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Desert Companion

An American Artist in Britain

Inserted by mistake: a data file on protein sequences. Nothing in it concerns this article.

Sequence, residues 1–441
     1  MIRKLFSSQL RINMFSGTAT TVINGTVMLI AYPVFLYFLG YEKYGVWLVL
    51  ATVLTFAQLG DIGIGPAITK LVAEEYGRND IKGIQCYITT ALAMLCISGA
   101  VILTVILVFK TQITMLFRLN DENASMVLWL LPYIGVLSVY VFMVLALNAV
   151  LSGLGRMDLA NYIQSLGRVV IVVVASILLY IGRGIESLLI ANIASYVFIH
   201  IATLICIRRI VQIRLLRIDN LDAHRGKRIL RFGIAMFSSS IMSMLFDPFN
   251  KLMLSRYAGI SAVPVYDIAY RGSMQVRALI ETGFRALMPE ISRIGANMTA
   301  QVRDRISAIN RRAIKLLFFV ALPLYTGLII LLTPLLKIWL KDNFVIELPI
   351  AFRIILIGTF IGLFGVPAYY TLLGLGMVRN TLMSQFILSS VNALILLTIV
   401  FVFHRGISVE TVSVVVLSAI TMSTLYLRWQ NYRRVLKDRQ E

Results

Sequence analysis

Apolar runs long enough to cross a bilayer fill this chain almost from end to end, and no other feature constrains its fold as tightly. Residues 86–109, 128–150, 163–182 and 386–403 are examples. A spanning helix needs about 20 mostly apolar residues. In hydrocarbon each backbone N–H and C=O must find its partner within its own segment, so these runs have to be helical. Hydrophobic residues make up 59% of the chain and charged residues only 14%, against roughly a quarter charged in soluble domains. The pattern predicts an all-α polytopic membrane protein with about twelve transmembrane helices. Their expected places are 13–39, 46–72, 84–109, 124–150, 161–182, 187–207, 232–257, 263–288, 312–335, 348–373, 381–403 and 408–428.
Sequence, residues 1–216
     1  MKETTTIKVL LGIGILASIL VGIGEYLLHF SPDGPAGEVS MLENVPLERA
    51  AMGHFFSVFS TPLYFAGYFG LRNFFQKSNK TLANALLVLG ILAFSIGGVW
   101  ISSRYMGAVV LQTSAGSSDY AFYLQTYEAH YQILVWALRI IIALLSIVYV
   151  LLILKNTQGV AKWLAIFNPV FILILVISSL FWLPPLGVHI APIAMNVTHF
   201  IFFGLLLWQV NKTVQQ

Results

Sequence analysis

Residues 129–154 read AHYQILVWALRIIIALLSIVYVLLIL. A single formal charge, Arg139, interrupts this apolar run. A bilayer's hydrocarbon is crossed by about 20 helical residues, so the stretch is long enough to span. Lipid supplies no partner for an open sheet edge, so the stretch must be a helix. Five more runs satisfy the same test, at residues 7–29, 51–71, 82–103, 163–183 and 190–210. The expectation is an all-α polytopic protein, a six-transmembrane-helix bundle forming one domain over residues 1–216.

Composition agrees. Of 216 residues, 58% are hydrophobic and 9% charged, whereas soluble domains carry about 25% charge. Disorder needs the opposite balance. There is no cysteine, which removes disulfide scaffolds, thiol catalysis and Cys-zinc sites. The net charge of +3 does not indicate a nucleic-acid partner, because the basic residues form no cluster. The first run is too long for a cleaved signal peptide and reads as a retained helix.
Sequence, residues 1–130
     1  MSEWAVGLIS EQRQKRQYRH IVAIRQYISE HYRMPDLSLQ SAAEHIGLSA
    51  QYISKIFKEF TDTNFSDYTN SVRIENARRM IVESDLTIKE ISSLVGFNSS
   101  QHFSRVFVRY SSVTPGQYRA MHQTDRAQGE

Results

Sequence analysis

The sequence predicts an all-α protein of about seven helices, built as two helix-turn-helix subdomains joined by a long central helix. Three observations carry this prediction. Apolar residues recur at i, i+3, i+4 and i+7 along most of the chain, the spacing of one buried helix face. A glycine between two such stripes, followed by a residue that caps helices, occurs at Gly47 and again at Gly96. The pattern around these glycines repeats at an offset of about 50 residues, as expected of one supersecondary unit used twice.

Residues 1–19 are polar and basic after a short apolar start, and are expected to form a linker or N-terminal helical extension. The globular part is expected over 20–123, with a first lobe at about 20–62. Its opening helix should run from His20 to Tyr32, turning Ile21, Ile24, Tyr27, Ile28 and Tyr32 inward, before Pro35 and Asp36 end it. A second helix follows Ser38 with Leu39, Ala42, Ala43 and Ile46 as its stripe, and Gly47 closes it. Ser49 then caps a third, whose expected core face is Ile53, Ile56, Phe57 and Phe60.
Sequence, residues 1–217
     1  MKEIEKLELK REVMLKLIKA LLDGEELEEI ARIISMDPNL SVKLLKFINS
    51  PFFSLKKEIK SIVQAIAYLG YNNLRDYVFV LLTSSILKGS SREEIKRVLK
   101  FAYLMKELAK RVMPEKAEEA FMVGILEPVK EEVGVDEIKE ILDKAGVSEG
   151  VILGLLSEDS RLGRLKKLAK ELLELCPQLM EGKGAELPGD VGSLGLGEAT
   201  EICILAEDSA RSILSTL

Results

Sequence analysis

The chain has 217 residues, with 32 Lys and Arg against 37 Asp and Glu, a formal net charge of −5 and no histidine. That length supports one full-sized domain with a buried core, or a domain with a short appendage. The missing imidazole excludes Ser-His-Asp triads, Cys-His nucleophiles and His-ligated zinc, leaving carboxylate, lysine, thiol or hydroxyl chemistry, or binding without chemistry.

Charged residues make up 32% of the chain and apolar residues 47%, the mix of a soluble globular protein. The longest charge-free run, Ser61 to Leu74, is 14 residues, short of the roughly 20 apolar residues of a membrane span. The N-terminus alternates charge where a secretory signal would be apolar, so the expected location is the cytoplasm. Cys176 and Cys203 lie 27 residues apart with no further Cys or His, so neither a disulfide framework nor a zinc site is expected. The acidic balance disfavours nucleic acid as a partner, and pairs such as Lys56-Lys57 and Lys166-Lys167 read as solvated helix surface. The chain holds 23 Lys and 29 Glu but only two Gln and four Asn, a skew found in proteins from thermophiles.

When a young Diane Bush left Vietnam-era America for Britain at age 18, she couldn’t know she’d be, in her way, among a photography vanguard — first woman in the Exit photography collective, invited to group shows in prestigious galleries. In particular, she overcame her shyness to shoot a series of street images and intimate people studies. While that work didn’t disappear after her return to the U.S. — it was exhibited in the former Brett Wesley Gallery in 2011 — Bush, now a well-known Las Vegas artist, is seeing those images gain a new and more permanent life. The Brits: England in the 1970s is a selection of those early photographs compiled into a short, high-quality, zine-like publication by England’s Café Royal Books. “Zine-like” is somewhat misleading: Like all of Café Royal’s publications, Bush notes, it’s going into the collections at the Tate, Victoria & Albert, and other British museums. It’s the first of as many as three such planned booklets documenting Bush’s British work. “I always thought eventually someone would be interested,” she says. But the occasion isn’t stoking any nostalgia for street photography. “I’m never gonna do that again,” she says.  “You can’t go home again.”

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